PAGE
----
Around the NFC West: Rams keep churning

May, 4, 2012
5/04/12
9:28
AM ET
The NFL rule expanding roster limits to 90 players came at the right time for teams overhauling their personnel.

The St. Louis Rams are one of those teams.

They drafted 10 players and are close to adding 23 undrafted free agents.

Jim Thomas of the St. Louis Post-Dispatch says the Rams cut five veteran players Thursday -- Demarco Cosby, John Henderson, Nate Ness, Quinn Porter and Chris Smith -- to make room for the influx. Thomas: "The Rams attempted to address their shortage of linebackers by adding undrafted rookies Sammy Brown of Houston, Derrick Choice of Stephen F. Austin, Alex Hoffman-Ellis of Washington State, and Noah Keller of Ohio. Brown led the nation in tackles for loss (30), while also registering 13.5 sacks for Houston. He's 6-2, 242 and ran a 4.63 at his pro day. Hoffman-Ellis was named Washington State's defensive MVP for the 2011 season after recording 88 tackles and two sacks, and returning his only interception for a touchdown." Noted: Releasing veteran kicker Josh Brown also contributed to the youth movement.

Matt Maiocco of CSNBayArea.com says the San Francisco 49ers "have not ruled out" moving right tackle Anthony Davis to right guard, allowing Alex Boone to take over at right tackle. But Boone might be the front-runner at right guard for now. Maiocco: "The 49ers were fine letting Adam Snyder get away to sign a five-year contract with the Arizona Cardinals because the team believes a promotion from within will result in an upgrade. If Boone wins the starting job at right guard, he could still serve as the team's swing tackle. It would be easier for the 49ers to move Boone to one of the tackle positions and bring someone off the sideline to take over at guard than to groom another player to back up at both tackle spots."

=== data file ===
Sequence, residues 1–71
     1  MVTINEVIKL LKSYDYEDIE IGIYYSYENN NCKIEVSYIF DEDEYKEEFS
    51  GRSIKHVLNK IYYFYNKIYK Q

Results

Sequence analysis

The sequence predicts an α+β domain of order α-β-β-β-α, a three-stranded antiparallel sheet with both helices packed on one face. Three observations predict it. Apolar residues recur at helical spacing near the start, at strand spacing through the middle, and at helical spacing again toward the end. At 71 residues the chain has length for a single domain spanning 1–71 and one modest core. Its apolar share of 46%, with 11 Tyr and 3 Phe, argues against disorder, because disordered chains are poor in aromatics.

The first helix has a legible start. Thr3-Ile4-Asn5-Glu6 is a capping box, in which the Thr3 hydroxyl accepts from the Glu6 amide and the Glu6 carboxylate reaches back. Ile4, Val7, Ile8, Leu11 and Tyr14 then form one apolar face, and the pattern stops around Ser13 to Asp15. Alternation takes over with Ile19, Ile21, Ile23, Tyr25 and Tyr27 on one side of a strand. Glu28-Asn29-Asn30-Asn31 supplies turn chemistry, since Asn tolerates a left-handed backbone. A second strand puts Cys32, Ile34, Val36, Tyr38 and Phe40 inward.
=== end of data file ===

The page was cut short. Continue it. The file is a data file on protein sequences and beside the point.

Matt Barrows of the Sacramento Bee says rookie Josh Looney faces stiff competition in his push to start at right guard.

Cam Inman of the San Jose Mercury News checks in with former 49ers linebacker and broadcaster Gary Plummer regarding the death of Plummer's friend and former teammate, Junior Seau. Plummer estimated he had suffered more than 1,000 concussions during his career, and that Seau probably suffered more than that. Plummer: "In the 1990s, I did a concussion seminar. They said a Grade 3 concussion meant you were knocked out, and a Grade 1 meant you were seeing stars after a hit, which made me burst out in laughter. As a middle linebacker in the NFL, if you don't have five of these (Grade 1 effects) each game, you were inactive the next game. Junior played for 20 years. That's five concussions a game, easily. How many in his career then? That's over 1,500 concussions. I know that's startling, but I know it's true. I had over 1,000 in my 15 years. I felt the effects of it. I felt depression going on throughout my divorce. Junior went through it with his divorce." Noted: I'd be interested in hearing what a doctor would say about Plummer's estimates.

Clare Farnsworth of seahawks.com looks at all the starters who have been in the lineup with Leroy Hill.

Also from Farnsworth: a look at the unusual pieces the Seahawks have put together on defense. Coach Pete Carroll: "Our defense is a 4-3 scheme with 3-4 personnel. It’s just utilizing the special talents of our guys."

Brady Henderson of 710ESPN Seattle runs the Robert Turbin photo Carroll was marveling over during draft weekend. Does any player in the NFL have more muscular arms?

Kent Somers of the Arizona Republic says the Cardinals' decision to draft a cornerback early added competition to a position that wasn't hurting in that area. Somers: "At least four cornerbacks, including Greg Toler and Jamell Fleming, have a legitimate shot at starting at left cornerback. Toler was contending for the job last summer when he suffered a torn ACL and missed the season. A.J. Jefferson, who lost the starting job after seven games, is returning. William Gay signed as a free agent."

Darren Urban of azcardinals.com says the team has recommitted to quarterback fundamentals with John McNulty coaching the position. John Skelton: "In years past, it seemed like, if the ball’s on the money and where it needs to be, we could let everything else slide. Now, I am throwing some good balls but my feet are messed up and that’s when I get coached up. Not only with coach McNulty but coach (Ken Whisenhunt) back there and coach Mike (Miller) sometimes."

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